Found: Buffalo Bill’s Wild West Show Pictures (from Duluth?)

I found a group of photos I believe show Buffalo Bill Cody in a procession on Duluth’s famous carriage path. Then there are a few photos of the show itself with a lot of people, including many American Indians highly adorned, milling around a circle. If you look closely you see white people sitting on chairs.

Are these all related to Cody’s time in Duluth?



about 2 months ago

Sorry, just not seeing any continuity here that shows a Duluth connection in this case. That coaching party image is likely from a widely-circulated postcard.

Paul Lundgren

about 2 months ago

I'd be interested to know more about where the photos were found and if they were all together and labeled as being from Duluth.

The postcard image, as previously mentioned, is likely not related to the other images at all. Coaching parties on Skyline Parkway aka Boulevard Drive were a common thing in those days.

There doesn't seem to be anything in the photos that positively connects them to Duluth, or completely rules out that they might have been shot in Duluth.


about 2 months ago

I am also interested in the context of this group of photos. What is the source and is there any context with the photos? I agree with the previous post in that there isn’t enough here to confirm or rule out your theory. A few random observations that may or may not be of interest:

The first couple photos depicting a procession of elderly white dudes with drums and flags remind me of photos I have seen of Civil War veteran parades. These celebrations were common in small town throughout the United States ca. 1880-1920, and sometimes took place during annual community celebrations or 4th of July parades. A few of the men look to have medals or commemorative ribbons affixed to their jackets. These photos could depict a veterans parade in Duluth, or any other U.S. location. 

The photos depicting Native American dancers in full regalia dancing around center pole are interesting. There appears to be regalia that could indicate the presence of several tribal groups. Some of the beaded designs on the guantlets and bandolier bags appear to be Ojibwe floral patterns; an elder, or someone more versed than me, might be able to place them more specifically. That said, in the second photo, there is breach/legging beading that is more geometric in design and likely associated with Plains tribes. The dancers look to be engaged in a round dance around the central pole. The presence of multiple tribal groups is interesting, and might suggest something other than a community pow wow/celebration, presuming this photo dates from the 1880-1920 era. Looking around a bit, it sounds like Wild Bill’s shows had staged dance performances, but the presence of white folks watching on the sidelines does not necessarily indicate a staged “Wild West” performance. I have seen photos of Ojibwe dancers in procession at small community celebrations in northeastern Minnesota from the same time period. Bois Forte pow wow at Tower 4th of July celebrations and Grand Portage folks participating in community celebrations/parades in Grand Marias. There are photos of Ojibwe gatherings/dances out on Park Point with white folks on the sidelines watching from the 1890s.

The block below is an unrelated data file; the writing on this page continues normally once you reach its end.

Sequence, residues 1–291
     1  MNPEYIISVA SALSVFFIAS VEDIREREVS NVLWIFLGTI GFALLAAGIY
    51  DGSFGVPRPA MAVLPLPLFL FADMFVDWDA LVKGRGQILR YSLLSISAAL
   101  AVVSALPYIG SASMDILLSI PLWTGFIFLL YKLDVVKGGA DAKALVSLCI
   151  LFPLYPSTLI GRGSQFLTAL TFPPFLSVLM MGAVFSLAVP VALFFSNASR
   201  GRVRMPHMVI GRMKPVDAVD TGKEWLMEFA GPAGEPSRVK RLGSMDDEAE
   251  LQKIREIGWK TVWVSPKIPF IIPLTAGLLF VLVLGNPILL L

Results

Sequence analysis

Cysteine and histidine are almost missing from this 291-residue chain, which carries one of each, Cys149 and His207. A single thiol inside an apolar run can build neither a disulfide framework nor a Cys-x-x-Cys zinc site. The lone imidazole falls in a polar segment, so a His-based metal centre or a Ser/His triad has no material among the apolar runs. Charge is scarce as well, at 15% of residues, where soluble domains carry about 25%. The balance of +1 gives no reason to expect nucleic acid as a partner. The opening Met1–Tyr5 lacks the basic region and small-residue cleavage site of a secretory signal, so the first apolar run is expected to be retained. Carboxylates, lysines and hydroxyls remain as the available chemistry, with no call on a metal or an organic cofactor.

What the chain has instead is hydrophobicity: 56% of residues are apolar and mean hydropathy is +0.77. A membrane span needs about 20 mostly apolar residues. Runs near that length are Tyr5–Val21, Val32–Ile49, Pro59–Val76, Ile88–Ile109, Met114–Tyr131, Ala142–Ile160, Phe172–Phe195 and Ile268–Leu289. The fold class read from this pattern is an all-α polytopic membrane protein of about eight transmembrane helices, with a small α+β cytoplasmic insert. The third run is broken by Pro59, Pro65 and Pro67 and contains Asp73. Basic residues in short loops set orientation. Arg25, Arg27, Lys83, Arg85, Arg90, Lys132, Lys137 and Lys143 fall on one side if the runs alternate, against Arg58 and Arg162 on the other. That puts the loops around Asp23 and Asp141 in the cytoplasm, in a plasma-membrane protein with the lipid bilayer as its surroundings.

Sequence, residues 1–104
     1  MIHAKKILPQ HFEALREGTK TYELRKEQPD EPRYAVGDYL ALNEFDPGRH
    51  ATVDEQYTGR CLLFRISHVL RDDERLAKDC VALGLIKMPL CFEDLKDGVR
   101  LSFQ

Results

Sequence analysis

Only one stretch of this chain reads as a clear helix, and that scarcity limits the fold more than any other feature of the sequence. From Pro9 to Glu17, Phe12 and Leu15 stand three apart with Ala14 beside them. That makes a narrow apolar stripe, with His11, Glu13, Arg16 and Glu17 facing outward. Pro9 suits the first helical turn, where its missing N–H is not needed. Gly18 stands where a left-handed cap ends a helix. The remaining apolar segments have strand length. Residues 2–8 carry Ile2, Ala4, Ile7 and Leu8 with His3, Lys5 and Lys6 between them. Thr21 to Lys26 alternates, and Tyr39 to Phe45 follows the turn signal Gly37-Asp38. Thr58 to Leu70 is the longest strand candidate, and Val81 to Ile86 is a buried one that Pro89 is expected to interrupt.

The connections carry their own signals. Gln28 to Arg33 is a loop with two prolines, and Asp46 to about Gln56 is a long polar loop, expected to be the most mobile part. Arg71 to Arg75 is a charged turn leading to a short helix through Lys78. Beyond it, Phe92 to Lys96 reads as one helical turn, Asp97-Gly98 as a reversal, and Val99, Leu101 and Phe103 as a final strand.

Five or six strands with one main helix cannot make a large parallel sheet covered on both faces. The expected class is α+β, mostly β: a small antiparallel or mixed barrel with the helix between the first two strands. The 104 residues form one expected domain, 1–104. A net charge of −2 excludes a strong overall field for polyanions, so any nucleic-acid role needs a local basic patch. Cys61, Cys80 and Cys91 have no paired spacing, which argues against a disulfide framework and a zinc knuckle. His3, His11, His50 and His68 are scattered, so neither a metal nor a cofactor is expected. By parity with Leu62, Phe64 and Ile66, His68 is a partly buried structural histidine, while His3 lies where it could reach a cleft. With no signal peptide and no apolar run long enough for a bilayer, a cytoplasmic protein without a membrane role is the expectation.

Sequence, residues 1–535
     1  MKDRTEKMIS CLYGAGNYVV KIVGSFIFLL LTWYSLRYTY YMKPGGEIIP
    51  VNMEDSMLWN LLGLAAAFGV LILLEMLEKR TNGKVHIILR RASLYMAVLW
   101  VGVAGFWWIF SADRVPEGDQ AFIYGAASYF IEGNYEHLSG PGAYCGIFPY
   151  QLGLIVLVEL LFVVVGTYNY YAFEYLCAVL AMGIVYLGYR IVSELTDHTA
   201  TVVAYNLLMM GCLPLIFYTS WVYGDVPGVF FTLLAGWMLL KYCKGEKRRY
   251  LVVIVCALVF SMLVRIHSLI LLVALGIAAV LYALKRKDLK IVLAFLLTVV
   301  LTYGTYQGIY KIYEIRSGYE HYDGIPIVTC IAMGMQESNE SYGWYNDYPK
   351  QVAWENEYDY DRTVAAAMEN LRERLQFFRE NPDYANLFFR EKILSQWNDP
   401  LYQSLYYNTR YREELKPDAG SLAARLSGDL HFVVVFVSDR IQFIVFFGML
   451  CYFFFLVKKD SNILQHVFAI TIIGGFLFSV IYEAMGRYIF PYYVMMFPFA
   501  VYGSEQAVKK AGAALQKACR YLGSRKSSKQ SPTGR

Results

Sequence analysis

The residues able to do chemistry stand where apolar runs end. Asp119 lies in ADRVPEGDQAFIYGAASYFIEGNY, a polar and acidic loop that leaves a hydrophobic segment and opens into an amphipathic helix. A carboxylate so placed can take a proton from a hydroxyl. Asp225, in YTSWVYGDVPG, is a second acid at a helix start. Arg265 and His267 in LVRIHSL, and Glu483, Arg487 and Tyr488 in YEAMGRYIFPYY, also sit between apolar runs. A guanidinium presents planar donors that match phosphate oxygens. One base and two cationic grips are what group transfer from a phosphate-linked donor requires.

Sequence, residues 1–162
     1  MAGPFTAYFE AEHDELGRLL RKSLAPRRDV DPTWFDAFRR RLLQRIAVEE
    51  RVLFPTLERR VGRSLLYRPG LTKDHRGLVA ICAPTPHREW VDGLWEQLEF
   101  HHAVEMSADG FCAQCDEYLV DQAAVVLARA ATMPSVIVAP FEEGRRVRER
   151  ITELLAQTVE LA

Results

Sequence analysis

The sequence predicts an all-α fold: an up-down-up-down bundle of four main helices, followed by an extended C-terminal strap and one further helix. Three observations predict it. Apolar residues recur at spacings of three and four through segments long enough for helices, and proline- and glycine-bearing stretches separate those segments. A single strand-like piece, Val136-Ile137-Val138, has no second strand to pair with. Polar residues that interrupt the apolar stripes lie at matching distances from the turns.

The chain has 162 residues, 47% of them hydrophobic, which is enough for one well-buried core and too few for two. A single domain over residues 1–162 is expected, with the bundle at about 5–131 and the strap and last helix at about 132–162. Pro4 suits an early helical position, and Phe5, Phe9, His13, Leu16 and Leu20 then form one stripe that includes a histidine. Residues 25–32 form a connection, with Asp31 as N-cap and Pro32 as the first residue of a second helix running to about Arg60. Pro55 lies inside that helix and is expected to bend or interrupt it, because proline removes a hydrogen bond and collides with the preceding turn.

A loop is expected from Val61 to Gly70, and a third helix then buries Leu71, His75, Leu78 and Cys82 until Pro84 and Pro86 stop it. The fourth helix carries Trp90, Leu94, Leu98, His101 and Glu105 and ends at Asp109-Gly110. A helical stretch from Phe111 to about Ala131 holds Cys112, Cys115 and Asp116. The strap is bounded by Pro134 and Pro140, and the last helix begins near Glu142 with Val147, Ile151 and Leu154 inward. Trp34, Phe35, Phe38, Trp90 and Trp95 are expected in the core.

I would be really curious about any contextual or source information that came along with the photos.

Bosco J. Seitzer

about 2 months ago

Hey guys thanks for your thoughtful comments.

A. I do not know that these four pics are of the same event, in the same location, or if it is indeed Duluth or if it is the famous Bill Cody.

I have seen the image of Bill leading the march across the bridge recently at an auction, I added a picture of the original I discussed with some friends (there was a handwritten note on back; "Decimation Day" -- my guess is maybe there was a reenactment of the 1862 Dakota conflict).

There are a handful of videos of his Wild West Shows on YouTube and you can see its not what we are used to thinking. When he would parade into town everyone especially kids would line up and follow, paid attendees would definitely be sitting around, up-close observing and even participating in the show. 

Buffalo Bill's Wild West Show. 1898, 1902, 1910

I thought that maybe someone would recognize the photo and provide more context.

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